"I Didn't Do It"
Some people who are incarcerated continually say they are innocent. “I’m not guilty,” “I didn’t do it,” “The hearing was rigged.” You name it, we’ve heard it.
But would you be surprised to learn that with the few cases the Innocence Project has been able to investigate, 249 people were found to be not guilty, 202 were exonerated by DNA evidence, and collectively, those prisoners spent 3,874 years in prison—each serving an average of 18 years for a crime they never committed?
Over the years, The Innocence Project has found a large number of eyewitness misidentification issues. A victim can get confused, looking at 100s of faces and police, wanting to find the perpetrator, encourages a decision on what can be a frustrating search, leading to mistakes.
False confessions are also common, considering that innocent people with mental issues can actually admit to doing something illegal, especially after intense and prolonged questioning. Then there’s the issue of overworked defense attorneys—handling 30, 40 or more cases at a time, missing filing dates, or failing to challenge weak and questionable evidence brought by the prosecutor. In one city a defense attorney was handling 195 cases at once. In many Innocence Project cases, the defense attorney was at fault for the guilty conviction.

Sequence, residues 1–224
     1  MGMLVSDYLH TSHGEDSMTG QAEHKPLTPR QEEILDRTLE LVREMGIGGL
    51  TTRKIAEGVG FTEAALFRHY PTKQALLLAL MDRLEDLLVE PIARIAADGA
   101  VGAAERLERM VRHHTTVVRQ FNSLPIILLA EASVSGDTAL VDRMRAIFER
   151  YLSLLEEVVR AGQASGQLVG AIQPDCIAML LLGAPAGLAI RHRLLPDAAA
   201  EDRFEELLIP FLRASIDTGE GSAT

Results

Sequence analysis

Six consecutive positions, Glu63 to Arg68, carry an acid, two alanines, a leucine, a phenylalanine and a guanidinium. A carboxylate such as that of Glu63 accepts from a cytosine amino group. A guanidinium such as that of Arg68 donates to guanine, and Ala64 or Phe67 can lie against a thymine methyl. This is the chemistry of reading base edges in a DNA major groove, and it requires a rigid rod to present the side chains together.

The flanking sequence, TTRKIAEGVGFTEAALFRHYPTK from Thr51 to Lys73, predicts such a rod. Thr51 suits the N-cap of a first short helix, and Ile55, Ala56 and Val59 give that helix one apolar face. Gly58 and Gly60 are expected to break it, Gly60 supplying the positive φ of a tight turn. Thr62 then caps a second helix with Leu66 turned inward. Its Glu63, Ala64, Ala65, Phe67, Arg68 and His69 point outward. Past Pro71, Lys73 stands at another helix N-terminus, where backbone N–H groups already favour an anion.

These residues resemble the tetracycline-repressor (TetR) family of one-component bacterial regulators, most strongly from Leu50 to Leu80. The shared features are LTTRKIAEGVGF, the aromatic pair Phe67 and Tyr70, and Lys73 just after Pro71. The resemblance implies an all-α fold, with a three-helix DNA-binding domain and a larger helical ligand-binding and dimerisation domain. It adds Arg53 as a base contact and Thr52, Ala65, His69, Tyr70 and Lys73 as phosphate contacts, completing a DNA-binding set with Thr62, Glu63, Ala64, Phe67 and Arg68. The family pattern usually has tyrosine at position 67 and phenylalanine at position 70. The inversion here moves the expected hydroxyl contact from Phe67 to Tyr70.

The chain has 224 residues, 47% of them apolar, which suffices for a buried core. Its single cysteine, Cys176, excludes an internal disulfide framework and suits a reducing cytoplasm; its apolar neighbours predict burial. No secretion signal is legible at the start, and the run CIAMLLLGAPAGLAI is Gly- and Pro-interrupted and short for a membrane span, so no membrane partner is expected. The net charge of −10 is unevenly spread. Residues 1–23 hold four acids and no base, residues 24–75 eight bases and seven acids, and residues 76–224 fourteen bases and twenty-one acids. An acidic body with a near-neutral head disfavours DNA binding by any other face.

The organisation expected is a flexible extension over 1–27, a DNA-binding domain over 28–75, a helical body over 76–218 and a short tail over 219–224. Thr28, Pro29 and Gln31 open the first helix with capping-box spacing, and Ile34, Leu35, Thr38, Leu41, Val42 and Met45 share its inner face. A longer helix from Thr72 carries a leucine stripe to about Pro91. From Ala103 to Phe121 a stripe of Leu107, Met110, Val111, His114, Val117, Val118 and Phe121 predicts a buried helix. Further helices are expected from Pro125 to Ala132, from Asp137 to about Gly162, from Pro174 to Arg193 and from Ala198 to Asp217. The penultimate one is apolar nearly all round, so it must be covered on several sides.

Here’s a big one: Misapplication of forensic science. Over and over again the Innocence Project has found that analysis of things like bite marks, hair comparisons, fingerprints, and bloodstain patterns have been found to be wrong. Forensic science experts have provided misleading testimony that exaggerated the connection between the crime scene evidence and the person of interest, mischaracterized exculpatory results, or downplayed the limitations of the forensic science method they had used. On other occasions, practitioners have simply made mistakes when performing well-supported forensic methods, or they have fabricated results in order to bolster the prosecution’s case against an individual, or they have hidden exculpatory evidence. (People can lie.)
Forensic science is often the one thing that most impresses a judge or jury. But, as you can see, it can also be intentionally exaggerated or mistakenly claimed. If it sends the wrong person to prison, it brings about a truly a horrific result: A man or woman is incarcerated and the true criminal walks the streets free.
In the case of Malcom Alexander (pictured) that is what happened. He spent 38 years in a Louisiana prison for a rape that DNA proves he didn’t commit. The evidence against him was “deeply flawed.” His lawyer, whom he paid, was later disbarred after complaints of neglect and abandonment in connection with dozens of cases. He never called a witness on Alexander’s defense, didn’t make an opening statement, or file an appeal on the verdict that he promised he would file.
Alexander always said he was innocent and continually fought for his release. So…when you hear someone say they “didn’t do it,” keep an open mind. More times than you realize, they are telling you the truth.